Nashville ranked fifth in the league in penalty kill rate at 84.9%. They appear to use two full "kill squads", utilizing Weber, Suter, Klein and Shane O'Brien on defense. The forwards are spread out a little more but Legwand and Ward tend to back up Jared Smithson and Nick Spaling.
Advantage: Anaheim Ducks
Nashville Power Play vs. Anaheim Penalty Kill
Nashville Predators Power Play: -3.1 GVT (Rank: 18th in NHL)
Anaheim Ducks Penalty Kill: -2.2 GVT (Rank: 22nd in NHL)
Total: Nashville Predators, -0.9 GVT
Nashville converted on only 15.2% of all power play chances during the regular season. This is pretty unfortunate for the Predators since the Ducks spend a lot of time killing penalties—only six teams in the playoffs spent more time per game shorthanded than the Ducks. Erat and Kostitsyn were both quite effective on the power play this season, but very few others even cracked the "adequate" barrier.
The Ducks killed off 81.3% of all their shorthanded situations, but this was definitely not their strong suit. Todd Marchant, Toni Lydman, Andreas Lilja and Saku Koivu were the primary specialists but are far from the NHL's elite at this role.
Advantage: Like two people throwing "scissors" repeatedly and never going "rock" (i.e. a tie)
The Predators won three of the four head-to-head matches with the Ducks this season. The combined score for the games was 17-11, indicating that we could be in for a high-scoring affair between these two teams. It should also be noted that the Predators won two of those games in the second half of the year, during Anaheim's incredible hot streak that vaulted them to fourth place in the West.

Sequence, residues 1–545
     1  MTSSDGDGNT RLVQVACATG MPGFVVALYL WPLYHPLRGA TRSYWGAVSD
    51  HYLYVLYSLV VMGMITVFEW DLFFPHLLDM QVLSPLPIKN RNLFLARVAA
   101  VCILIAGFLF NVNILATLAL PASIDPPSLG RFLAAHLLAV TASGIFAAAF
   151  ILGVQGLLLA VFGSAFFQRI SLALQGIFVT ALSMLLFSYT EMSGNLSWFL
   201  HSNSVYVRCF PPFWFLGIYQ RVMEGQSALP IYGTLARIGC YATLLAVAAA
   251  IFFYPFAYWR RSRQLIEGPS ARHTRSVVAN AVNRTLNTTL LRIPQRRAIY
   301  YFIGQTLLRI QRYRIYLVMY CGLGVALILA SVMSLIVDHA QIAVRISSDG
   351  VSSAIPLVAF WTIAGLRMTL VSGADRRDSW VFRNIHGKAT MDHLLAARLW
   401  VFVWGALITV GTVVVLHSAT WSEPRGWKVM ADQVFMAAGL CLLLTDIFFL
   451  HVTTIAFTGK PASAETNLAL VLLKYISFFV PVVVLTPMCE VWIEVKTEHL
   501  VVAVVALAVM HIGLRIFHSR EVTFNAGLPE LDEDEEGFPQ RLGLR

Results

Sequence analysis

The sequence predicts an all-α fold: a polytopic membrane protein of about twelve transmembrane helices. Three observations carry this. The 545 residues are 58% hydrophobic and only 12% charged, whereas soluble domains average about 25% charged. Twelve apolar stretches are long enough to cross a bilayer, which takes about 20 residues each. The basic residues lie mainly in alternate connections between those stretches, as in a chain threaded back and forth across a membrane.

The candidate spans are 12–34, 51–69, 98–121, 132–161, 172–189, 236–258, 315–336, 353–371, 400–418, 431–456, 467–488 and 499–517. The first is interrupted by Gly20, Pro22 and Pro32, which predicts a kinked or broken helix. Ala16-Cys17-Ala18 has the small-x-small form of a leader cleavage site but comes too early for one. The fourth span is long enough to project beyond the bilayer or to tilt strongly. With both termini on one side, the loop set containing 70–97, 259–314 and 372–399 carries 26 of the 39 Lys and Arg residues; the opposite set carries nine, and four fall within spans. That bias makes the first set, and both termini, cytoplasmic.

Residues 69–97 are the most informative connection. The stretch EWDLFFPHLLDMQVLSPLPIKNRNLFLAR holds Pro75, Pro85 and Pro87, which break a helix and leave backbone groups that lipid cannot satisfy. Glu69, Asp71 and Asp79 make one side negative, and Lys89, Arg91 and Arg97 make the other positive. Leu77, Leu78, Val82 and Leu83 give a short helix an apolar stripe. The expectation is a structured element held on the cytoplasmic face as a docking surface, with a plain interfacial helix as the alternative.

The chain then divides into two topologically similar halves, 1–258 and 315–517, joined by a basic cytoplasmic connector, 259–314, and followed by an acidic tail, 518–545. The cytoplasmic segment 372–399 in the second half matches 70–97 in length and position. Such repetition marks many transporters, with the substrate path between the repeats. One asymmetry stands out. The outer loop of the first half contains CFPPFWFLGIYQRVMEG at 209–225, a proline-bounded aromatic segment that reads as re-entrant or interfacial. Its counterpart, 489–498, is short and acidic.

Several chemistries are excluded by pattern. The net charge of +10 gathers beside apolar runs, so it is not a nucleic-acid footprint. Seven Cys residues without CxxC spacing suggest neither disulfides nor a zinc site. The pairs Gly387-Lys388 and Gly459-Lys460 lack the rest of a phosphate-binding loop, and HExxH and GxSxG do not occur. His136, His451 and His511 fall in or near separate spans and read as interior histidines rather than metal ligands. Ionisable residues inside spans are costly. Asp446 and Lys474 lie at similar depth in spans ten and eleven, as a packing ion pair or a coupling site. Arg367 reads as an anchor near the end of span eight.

Advantage: Nashville Predators
Injuries and Intangibles
Anaheim's goalie injuries are a serious concern. Not many teams would be comfortable riding their third string goaltender through the playoffs, and the Ducks are no exception.
On the other hand, the Predators are without the services of forwards Steve Sullivan, Marcel Goc and Matthew Lombardi for the duration of the playoffs. With those players in the lineup, Nashville could roll four lines against any team. Without them, they're still solid through the first three lines, but not nearly as formidable.
The Ducks have been one of the hottest teams in the NHL leading up to the postseason, but we also know that one of the greatest predictors of future success is to outshoot the opposition, which they haven't done.
Anaheim Ducks: +4.0 GVT (Rank: 18th in NHL)
Nashville Predators: +25.0 GVT (Rank: 9th in NHL)
Total: Nashville Predators, +21.0 GVT
Conventional wisdom says the hot team is the most likely to win. Statistical analysis says that the full season is a better predictor than just the past 20 games. So despite the fact that Anaheim has legitimate Hart and Norris Trophy candidates on their team, I'm still picking the team that Carrie Underwood loves.
Nashville Predators in six games
Ryan Popilchak is an author of Hockey Prospectus.